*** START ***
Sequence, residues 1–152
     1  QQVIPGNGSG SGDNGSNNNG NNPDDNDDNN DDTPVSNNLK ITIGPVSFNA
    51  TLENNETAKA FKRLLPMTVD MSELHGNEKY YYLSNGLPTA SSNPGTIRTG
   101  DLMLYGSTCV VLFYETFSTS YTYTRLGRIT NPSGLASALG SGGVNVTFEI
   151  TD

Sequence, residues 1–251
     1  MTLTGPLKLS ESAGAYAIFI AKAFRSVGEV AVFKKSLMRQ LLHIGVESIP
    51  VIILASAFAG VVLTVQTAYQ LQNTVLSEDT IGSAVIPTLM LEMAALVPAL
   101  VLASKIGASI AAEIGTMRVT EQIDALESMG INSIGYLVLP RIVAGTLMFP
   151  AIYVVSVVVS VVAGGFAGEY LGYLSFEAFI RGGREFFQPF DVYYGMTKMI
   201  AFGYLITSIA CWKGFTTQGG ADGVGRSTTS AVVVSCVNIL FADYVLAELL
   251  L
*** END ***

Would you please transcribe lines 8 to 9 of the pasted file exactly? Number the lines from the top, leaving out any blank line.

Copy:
    51  VIILASAFAG VVLTVQTAYQ LQNTVLSEDT IGSAVIPTLM LEMAALVPAL
   101  VLASKIGASI AAEIGTMRVT EQIDALESMG INSIGYLVLP RIVAGTLMFP